Chord Symbols in Finale

Sometimes when collaborating with others (or cleaning up your older charts) you might run across a file where the chord suffixes are a jumble of different fonts:

Chords3 700

Today we share a few easy tips to help avoid this in your scores.

Tip #1: Enter the Right Chords the Easiest Way

While Finale’s Chord tool was designed to intelligently guess your chord suffix when you type it in, historically this worked less well the more complicated your chords became. Trying to type in things like “Em(maj7)” often resulted in the “Could not find chord suffix…” message. In Finale v26, we greatly expanded our Chord Suffix libraries to increase the likelihood that Finale could find your suffix.

If you are still using an earlier version – or if you find you can still stump Finale v26 – you might try this alternate chord entry method:

  • Type the root of the chord, followed by a colon, then the number of the suffix you want.

Don’t know the number associated with the suffix you want? Few of us do. So instead, type the number zero (0) to pick from a list of suffixes.

To recap: Type E (or whatever the root is), press the colon key, then type the number zero. Your entire chord now shows “E:0”. Press Enter. The Chord Suffix Selection dialog box appears, which displays every chord in your document’s library:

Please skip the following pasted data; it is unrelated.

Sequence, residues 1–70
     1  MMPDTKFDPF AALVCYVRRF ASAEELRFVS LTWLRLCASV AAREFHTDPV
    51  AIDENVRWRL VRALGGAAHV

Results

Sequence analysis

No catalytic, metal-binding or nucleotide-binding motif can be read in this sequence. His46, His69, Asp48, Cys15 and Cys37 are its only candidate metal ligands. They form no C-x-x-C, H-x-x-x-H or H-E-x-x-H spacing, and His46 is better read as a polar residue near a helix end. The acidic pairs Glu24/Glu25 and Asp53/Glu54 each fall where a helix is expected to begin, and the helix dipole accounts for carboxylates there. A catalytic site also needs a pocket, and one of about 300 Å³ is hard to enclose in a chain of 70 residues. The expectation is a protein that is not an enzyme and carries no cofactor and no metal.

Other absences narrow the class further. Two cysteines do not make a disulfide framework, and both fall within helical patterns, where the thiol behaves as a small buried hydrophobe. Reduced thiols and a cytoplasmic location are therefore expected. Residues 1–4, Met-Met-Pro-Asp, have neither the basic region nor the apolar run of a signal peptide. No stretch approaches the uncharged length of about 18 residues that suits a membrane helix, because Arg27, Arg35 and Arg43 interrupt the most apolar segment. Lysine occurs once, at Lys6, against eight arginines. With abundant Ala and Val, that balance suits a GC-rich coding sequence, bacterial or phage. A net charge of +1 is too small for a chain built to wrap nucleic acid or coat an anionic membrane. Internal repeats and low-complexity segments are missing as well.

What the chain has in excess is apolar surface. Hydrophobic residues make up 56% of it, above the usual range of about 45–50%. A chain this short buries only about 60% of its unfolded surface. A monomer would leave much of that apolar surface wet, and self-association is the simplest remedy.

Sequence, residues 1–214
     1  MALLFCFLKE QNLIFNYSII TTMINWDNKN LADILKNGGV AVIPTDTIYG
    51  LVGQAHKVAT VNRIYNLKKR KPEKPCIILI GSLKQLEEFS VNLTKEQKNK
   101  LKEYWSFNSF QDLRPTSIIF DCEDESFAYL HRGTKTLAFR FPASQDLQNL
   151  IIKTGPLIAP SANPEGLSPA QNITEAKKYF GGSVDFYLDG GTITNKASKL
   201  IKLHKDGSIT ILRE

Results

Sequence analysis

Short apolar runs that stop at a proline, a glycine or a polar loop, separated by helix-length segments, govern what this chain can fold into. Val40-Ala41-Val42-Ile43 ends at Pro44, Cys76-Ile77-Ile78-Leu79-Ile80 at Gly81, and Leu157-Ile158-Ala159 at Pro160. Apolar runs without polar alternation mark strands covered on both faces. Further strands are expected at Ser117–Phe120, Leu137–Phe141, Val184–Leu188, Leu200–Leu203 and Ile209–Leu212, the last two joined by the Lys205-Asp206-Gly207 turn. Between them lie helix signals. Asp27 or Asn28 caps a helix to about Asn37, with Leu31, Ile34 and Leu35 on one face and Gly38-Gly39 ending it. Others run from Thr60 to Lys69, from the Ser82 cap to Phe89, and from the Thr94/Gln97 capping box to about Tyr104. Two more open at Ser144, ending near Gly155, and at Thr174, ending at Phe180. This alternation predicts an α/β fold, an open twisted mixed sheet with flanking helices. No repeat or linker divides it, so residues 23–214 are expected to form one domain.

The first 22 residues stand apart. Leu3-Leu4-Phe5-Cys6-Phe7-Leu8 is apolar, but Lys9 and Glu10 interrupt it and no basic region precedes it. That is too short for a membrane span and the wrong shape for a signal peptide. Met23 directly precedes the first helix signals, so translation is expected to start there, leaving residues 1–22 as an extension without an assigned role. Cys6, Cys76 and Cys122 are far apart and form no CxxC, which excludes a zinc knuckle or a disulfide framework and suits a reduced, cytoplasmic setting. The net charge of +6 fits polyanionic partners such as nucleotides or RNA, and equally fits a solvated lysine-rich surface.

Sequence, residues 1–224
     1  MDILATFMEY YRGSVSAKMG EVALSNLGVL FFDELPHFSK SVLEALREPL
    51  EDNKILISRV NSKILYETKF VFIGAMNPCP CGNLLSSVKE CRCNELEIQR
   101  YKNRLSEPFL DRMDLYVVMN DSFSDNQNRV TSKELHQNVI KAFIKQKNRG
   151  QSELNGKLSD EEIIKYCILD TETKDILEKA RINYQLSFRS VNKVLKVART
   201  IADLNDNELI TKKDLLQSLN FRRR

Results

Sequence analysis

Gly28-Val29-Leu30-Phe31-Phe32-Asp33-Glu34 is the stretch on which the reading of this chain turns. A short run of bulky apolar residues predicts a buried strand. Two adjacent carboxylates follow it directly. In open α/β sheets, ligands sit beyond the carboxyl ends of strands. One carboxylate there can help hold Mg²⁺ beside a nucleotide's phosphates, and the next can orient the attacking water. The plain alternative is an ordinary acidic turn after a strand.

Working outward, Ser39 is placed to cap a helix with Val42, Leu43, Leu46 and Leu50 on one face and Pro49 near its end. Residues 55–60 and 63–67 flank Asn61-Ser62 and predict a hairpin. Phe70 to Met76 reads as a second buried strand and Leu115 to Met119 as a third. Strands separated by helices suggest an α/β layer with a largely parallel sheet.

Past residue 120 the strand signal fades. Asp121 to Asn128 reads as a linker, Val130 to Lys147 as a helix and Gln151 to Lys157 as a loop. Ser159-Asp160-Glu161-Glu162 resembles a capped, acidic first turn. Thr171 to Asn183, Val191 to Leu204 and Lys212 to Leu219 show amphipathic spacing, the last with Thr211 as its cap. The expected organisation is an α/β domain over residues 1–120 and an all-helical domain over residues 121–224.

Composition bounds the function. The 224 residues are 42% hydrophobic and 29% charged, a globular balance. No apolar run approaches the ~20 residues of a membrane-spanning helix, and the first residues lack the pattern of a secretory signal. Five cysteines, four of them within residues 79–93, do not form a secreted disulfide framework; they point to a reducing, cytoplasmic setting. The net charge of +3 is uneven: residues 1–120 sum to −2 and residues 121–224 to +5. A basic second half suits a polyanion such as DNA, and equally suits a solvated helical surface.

Simply double-click the suffix you want to use. But before you do, note the number associated with the suffix. If you use this suffix often, you can save time by typing root, colon, and that number.

While admittedly “root:0” isn’t 100% intuitive, it’s fast, easy, and ensures you don’t accidentally mix and match chord suffix fonts.

Tip #2: Before Creating a Suffix from Scratch, Edit an Existing One

Sometimes you may need a chord suffix that differs from those in your existing document. Rather than creating a new suffix from scratch, I suggest copying an existing suffix and editing it. This is easy to do, but can be tricky to figure out the first time.

Try this:

  1. Enter a similar suffix first.
  2. Next, right-click on it and choose Edit Chord Definition.
  3. Click Select next to “Suffix,” then click the Duplicate button. Then make the necessary edits to the new duplicate.

Doing this can help to set up your new suffix correctly, using the same fonts from your other chords.

Tip #3: Globally Change Suffix Fonts

Curious how to fix the file shown at the top of this post? You could delete each incorrect chord and add new ones with the correct suffix (as described above), or:

  1. Select the Chord Tool.
  2. Click Chord > Change Chord Suffix Fonts. The Change Chord Suffix Fonts dialog box appears:
  3. Under Search For, choose the old (incorrect) font, and under Replace With, choose the font you want to use.
  4. Click OK and watch your chords automatically change to your chosen font:

Chords3b 700

Tip #4: Find Your Reading Glasses, Or….

Sometimes when looking at charts you made years ago, you might think: I wish I had made those chord symbols a little bigger. While you could certainly change font sizes using the Change Chord Suffix Fonts process described above, Finale v26 also offers another option.

In v26, we added a comprehensive library of larger chord symbols that are easier to read than in previous versions. To explore this library, click File > Load Library, then load one of the “Large” libraries in the “Chord Suffixes” folder.

Please let us know how chords are working for you on our Facebook page.

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